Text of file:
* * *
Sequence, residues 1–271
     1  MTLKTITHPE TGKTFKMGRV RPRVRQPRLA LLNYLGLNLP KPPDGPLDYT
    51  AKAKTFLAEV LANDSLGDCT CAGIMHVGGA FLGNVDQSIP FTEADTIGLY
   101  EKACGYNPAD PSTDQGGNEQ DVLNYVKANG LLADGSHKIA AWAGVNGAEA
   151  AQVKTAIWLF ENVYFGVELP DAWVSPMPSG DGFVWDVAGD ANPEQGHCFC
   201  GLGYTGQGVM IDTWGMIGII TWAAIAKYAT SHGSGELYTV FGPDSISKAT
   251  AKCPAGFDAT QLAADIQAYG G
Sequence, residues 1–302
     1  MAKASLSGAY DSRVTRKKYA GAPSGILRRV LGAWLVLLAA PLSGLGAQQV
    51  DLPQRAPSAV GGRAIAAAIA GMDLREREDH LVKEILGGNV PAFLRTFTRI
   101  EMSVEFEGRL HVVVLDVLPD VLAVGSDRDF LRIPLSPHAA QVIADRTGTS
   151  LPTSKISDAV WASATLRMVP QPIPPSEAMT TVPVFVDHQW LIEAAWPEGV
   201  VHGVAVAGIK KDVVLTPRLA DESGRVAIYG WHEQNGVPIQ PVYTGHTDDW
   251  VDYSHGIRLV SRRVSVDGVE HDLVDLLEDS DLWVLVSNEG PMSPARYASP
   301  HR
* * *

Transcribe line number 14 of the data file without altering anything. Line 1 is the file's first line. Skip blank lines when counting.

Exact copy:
   251  VDYSHGIRLV SRRVSVDGVE HDLVDLLEDS DLWVLVSNEG PMSPARYASP